Tag Archives: Wright Aeronautical Division Cyclone 9 R-1820G5

7 December 1936

Boeing YB-17 36-149 nosed over on landing at Seattle, 7 December 1936. (Unattributed)
Boeing YB-17 36-149 nosed over on landing at Seattle, 7 December 1936. (Unattributed)
Lieutenant Colonel Stanley Umstead
Lieutenant Colonel Stanley Umstead

7 December 1936: After its third test flight, the first YB-17 service test aircraft, 36-149, landed back at Boeing Field, Seattle, Washington. The pilot was Lieutenant Colonel Stanley M. Umstead, Air Corps, United States Army, who was considered to be the Army’s most experienced and capable pilot.

When the airplane touched down, the main wheels locked and after skidding a short distance, the B-17 nosed over. The bomber’s brakes had welded. No injuries were reported. 36-149 suffered moderate damage.

Boeing repaired the bomber. On 11 January 1937, the YB-17 was  flown to Wright Field, Dayton, Ohio, for continued testing. 36-149 was then assigned to the 2nd Bombardment Group at Langley Field, Virginia, 1 March 1937. In October 1940 the bomber was transferred to the 19th Bombardment Group at March Field, California. On 11 February 1942 it was transferred to the Air Park at Amarillo Army Air Field, a B-17 training base in Texas. 36-149 was written off 11 December 1942.

A contemporary newspaper article reported the incident:

Landing from a test flight in Seattle, Wash., the new 16 ton army bombing plane YB-17 nosed over and was badly damaged. Capt. E.R. McReynolds, an army air corps observer who was aboard, said the air brakes locked, preventing the landing wheels from rolling when the plane touched the ground. It was reported subsequently in Washington, D.C. that the accident might result in suspending construction of 13 bombing planes of similar type pending an investigation. The YB-17, largest land plane ever built in America, was designed to carry a ton of bombs and had a cruising range of 3,000 miles.

Chicago Sunday Tribune, 13 December 1936, Part 2, Page 8, Column 8.

Boeing YB-17 resting on its nose after brakes locked while landing. —LIFE Magazine, 21 December 1935, at page 15
Boeing YB-17 36-149 resting on its nose after its brakes locked while landing. —LIFE Magazine, 21 December 1936, at page 15.

The YB-17 had several improvements over the Model 299, which had been retroactively designated XB-17. There were long carburetor intakes on the top of the engine nacelles, which visually distinguishes the YB-17 from the follow-on YB-17A. The main landing gear has one strut rather than the two of the Model 299.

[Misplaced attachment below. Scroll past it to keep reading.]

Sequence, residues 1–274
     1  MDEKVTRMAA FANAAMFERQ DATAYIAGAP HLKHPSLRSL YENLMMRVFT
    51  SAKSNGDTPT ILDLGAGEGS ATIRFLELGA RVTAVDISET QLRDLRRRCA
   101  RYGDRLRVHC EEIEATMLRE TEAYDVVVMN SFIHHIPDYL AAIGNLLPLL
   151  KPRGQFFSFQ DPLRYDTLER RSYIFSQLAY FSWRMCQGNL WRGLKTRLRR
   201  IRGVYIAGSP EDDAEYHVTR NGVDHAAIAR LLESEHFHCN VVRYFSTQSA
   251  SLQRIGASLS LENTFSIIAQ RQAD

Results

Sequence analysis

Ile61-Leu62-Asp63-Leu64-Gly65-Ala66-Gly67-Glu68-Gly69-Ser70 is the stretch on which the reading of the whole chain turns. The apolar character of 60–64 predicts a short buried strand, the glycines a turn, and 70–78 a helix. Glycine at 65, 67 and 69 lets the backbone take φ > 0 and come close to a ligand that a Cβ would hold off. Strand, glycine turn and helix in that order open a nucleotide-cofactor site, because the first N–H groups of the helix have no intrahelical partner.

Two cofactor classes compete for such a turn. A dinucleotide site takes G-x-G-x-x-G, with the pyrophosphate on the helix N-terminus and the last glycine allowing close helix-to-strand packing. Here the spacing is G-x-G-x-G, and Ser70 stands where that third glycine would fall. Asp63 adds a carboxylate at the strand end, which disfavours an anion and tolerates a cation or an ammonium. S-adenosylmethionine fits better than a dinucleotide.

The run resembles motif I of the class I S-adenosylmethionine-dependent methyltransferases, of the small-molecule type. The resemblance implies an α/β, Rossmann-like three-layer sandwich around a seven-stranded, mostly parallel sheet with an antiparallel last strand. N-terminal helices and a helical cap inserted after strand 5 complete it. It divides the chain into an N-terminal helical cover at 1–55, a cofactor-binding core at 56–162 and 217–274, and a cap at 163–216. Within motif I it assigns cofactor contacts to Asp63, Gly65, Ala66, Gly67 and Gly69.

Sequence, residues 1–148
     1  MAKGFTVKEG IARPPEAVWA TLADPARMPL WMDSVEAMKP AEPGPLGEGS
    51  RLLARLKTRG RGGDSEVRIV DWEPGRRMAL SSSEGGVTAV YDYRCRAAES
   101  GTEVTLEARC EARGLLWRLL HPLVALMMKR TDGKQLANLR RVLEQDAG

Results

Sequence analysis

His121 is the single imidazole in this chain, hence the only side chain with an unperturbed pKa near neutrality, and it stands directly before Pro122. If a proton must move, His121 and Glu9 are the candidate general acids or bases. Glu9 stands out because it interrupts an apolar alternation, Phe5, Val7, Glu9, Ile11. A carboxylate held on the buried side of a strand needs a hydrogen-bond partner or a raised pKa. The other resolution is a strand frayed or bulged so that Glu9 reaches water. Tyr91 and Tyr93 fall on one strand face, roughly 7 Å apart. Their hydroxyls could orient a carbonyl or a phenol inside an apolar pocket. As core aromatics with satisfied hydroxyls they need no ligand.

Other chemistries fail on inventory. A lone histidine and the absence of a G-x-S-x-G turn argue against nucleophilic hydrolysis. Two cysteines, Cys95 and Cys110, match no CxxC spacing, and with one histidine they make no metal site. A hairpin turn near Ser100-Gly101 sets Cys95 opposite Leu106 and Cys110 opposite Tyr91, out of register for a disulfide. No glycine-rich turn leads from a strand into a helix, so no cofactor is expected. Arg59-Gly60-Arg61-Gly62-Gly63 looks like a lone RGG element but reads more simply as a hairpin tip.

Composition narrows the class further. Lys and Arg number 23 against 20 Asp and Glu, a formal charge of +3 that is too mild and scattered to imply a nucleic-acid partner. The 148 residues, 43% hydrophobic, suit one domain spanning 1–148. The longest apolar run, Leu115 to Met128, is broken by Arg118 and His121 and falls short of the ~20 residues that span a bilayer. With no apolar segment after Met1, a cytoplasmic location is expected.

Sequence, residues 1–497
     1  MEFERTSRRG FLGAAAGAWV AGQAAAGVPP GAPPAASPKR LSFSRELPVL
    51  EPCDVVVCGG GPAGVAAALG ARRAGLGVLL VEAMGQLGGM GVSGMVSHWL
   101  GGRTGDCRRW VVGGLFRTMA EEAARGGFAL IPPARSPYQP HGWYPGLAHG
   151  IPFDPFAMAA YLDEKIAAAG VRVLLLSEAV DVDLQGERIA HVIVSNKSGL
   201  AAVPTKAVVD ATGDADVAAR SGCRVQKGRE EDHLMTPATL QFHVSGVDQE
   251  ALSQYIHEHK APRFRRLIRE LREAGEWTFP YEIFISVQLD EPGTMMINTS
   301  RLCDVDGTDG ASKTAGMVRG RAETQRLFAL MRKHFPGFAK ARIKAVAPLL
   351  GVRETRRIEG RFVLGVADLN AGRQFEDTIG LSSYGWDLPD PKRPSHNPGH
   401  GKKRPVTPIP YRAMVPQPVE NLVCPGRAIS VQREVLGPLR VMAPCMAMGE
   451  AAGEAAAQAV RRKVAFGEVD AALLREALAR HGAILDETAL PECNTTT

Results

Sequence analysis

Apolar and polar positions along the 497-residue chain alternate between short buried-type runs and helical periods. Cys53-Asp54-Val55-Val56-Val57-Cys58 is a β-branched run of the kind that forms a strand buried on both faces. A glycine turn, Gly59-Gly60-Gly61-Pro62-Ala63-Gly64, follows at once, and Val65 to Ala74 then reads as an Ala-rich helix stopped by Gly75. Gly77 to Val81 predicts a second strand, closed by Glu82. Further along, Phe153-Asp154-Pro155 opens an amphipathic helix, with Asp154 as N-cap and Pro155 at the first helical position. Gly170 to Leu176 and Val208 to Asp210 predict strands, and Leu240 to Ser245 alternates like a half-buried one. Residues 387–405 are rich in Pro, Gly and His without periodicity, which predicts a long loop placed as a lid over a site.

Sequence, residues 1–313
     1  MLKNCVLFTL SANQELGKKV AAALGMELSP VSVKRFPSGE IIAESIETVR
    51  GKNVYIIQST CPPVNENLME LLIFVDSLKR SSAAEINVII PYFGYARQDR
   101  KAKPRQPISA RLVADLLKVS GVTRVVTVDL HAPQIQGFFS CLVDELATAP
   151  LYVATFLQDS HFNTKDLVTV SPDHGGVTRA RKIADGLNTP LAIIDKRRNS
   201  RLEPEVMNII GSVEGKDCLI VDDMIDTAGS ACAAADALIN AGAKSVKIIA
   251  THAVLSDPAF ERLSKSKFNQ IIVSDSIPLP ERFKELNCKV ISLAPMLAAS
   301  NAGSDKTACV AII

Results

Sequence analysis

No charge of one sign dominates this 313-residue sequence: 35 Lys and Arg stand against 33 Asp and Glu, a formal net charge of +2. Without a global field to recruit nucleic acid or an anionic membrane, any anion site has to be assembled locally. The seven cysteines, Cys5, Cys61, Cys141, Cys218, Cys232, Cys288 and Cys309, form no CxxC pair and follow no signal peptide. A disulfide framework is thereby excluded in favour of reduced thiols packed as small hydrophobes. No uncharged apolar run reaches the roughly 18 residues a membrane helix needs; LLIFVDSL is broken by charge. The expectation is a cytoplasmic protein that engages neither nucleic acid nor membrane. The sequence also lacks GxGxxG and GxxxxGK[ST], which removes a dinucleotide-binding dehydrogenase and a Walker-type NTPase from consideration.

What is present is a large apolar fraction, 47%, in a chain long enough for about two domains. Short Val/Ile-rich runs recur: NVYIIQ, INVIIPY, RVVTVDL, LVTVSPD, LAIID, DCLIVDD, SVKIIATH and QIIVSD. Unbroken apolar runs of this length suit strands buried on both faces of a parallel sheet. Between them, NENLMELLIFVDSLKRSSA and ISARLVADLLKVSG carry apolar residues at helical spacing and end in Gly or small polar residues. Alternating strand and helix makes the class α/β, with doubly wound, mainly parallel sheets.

The Boeing Model 299B was designated YB-17 by the Army Air Corps. It was 68 feet, 4 inches (20.828 meters) long with a wingspan of 103 feet, 9 inches (31.633 meters) and an overall height of 18 feet, 4 inches (5.588 meters). It had an empty weight of 24,465 pounds (11,097 kilograms), gross weight of 34,880 pounds (15,821 kilograms) and maximum takeoff weight of 42,600 pounds (19,323 kilograms).

Instead of the Pratt & Whitney engines installed on the 299, the YB-17 had four air-cooled, supercharged 1,823.129-cubic-inch-displacement (29.875 liter) Wright Aeronautical Division Cyclone 9 R-1820G5 (R-1820-39) nine-cylinder radial engines with a compression ratio of 6.45:1. The R-1820-39 was rated at 805 horsepower at 2,100 r.p.m., at Sea Level, and 930 horsepower at 2,200 r.p.m., at Sea Level, for takeoff. The engines turned three-bladed Hamilton Standard constant-speed propellers through a 16:11 gear reduction, in order to match the engines’ effective power range with the propellers. The R-1820-39 was 3 feet, 9-7/16 inches (1.154 meters) long, 4 feet, 6-¼ inches (1.378 meters) in diameter, and weighed 1,198 pounds (543.4 kilograms).

The cruise speed of the YB-17 was 217 miles per hour (349 kilometers per hour) and its maximum speed was 256 miles per hour (412 kilometers per hour) at 14,000 feet (4,267 meters). The bomber’s service ceiling was 30,600 feet (9,327 meters) and the maximum range was 3,320 miles (5,343 kilometers).